One of our next speakers, Heather Acton is from the Chicago area. She’s taken some time right before traveling to St. Louis to take a part in our Speaker Interview Series.
NILE FLORES: What got you interested in WordPress?
HEATHER ACTON: Back in 2008 I wanted to build my first website – a venue to share pictures and stories about our family with extended family members around the US. I taught myself HTML and CSS and got rolling, but kept running into information about this thing called “WordPress”. It turns out that it was the perfect tool for my project, so I went full force into learning more about it and building my family site with it. It was “love at first use” for me, and I haven’t looked back since!
NILE FLORES: What is the most interesting WordPress-related project you’ve worked on?
HEATHER ACTON: Recently we built a site for Attachapack (http://attachapack.com), a startup venture that sells customizable backpacks for kids. We built a custom WooCommerce extension that allows a user to “build” their own backpack right on the site – visuals and all. Users and the client love it and it’s helped launch Attachapack to a new level.
NILE FLORES: Name 3 WordPress plugins that have always been on your MUST install list, and why.
HEATHER ACTON: WordPress SEO by Yoast – a must have for generating an XML sitemap, optimizing social posts, and giving the client a spot to edit the search engine title and meta description.
Gravity Forms – we all need at least one form on our site, and GF works great for simple forms and even more complex applications like quizzes, user registration, and contests.
Advanced Custom Fields – an efficient way to add custom fields to pages and posts is imperative even for some of the simplest sites, so this gets installed on almost all of our projects. We’ve also used it to do some cool stuff with modular page layouts – it’s more powerful than meets the eye.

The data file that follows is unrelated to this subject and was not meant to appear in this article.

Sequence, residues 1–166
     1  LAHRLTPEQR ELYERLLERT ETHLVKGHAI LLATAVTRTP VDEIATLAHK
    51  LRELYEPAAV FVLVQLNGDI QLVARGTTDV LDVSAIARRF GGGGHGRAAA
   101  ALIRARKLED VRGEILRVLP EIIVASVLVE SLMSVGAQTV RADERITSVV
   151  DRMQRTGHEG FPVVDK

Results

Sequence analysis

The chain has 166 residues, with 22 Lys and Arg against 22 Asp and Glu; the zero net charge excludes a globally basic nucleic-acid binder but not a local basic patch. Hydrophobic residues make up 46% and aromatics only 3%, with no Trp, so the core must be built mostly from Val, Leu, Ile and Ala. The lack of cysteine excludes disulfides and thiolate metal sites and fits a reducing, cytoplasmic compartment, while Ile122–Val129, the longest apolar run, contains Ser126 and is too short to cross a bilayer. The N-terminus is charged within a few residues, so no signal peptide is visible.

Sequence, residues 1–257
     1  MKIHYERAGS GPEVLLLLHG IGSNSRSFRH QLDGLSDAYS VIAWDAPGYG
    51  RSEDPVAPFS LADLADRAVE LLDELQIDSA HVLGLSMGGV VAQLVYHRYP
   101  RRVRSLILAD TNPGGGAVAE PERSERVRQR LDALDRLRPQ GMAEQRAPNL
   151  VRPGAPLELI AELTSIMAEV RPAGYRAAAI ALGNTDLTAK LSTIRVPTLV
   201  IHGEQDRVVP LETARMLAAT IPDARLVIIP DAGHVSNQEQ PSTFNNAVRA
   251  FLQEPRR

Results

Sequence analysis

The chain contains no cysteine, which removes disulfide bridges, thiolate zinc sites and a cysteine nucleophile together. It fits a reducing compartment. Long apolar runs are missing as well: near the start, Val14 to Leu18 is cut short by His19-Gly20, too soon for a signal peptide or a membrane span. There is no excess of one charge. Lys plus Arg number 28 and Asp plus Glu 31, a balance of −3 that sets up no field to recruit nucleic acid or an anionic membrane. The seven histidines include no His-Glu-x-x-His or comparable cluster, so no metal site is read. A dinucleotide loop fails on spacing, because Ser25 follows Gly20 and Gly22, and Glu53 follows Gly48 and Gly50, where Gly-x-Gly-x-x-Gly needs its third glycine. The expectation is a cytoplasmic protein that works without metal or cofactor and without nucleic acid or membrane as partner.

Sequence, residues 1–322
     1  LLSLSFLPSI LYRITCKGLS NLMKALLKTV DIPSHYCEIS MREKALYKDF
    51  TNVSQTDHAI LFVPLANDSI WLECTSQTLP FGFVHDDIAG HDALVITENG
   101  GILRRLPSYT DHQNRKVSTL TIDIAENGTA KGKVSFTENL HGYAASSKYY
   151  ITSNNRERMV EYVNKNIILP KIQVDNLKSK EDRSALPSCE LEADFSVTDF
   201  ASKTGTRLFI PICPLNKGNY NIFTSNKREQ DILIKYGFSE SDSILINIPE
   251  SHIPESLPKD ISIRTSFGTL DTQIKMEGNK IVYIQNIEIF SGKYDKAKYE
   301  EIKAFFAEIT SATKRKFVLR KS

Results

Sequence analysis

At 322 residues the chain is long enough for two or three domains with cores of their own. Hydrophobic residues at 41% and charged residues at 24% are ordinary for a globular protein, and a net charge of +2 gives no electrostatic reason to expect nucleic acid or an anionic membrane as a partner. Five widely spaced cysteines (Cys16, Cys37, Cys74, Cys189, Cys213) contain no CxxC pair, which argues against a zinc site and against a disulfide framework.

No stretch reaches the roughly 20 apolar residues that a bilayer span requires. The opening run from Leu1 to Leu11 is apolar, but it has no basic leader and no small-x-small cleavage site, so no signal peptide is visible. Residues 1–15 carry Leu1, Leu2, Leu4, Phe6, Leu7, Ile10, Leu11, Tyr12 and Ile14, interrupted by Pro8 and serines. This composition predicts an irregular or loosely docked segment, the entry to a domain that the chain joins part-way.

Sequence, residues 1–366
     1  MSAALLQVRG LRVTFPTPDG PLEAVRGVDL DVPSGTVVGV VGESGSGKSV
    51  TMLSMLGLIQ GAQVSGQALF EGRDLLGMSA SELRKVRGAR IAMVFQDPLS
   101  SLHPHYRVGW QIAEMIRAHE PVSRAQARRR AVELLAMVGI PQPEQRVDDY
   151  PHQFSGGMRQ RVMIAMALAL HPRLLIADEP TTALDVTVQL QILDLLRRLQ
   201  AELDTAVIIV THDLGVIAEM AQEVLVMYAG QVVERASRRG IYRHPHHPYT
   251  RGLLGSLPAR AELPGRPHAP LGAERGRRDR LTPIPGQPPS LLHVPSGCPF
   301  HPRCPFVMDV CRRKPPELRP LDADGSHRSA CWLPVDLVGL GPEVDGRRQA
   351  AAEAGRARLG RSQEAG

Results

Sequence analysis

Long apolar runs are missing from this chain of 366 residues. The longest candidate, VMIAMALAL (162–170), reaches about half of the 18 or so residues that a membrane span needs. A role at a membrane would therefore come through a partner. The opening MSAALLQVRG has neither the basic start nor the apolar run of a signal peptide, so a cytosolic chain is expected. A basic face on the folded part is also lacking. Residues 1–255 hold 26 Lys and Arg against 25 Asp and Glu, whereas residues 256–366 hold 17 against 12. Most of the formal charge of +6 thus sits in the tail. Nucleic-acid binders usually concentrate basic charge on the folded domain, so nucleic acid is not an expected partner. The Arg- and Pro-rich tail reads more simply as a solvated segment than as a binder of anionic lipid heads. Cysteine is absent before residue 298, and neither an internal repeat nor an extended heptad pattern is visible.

NILE FLORES: What is something interesting about you that the WordPress community doesn’t know?
HEATHER ACTON: That I’m actually more introverted than I seem. At WordCamps and other community events I typically am talking to folks the whole time. And while I enjoy it, it’s not entirely comfortable for me. After a long day of chatting it up with all of these smart people, I like to take a couple quiet hours to myself to recharge and process all that I learned.
NILE FLORES: In regards to new WordPress users, what one or two pieces of advice would you give them that could be very helpful?
HEATHER ACTON: First, stick with it. WordPress is known for being “easy”, but truth be told it’s not so easy to be a really solid WordPress user or developer. Many folks hack through it, but to do things right and well takes time.
Second, take advantage of all of the learning opportunities you can. Go to WordCamps, meetups, read books, Google lots of things, spend time with others that do what you do…and soak it all in.
Please don’t be shy in asking Heather questions at the event, or down in the comments below. 🙂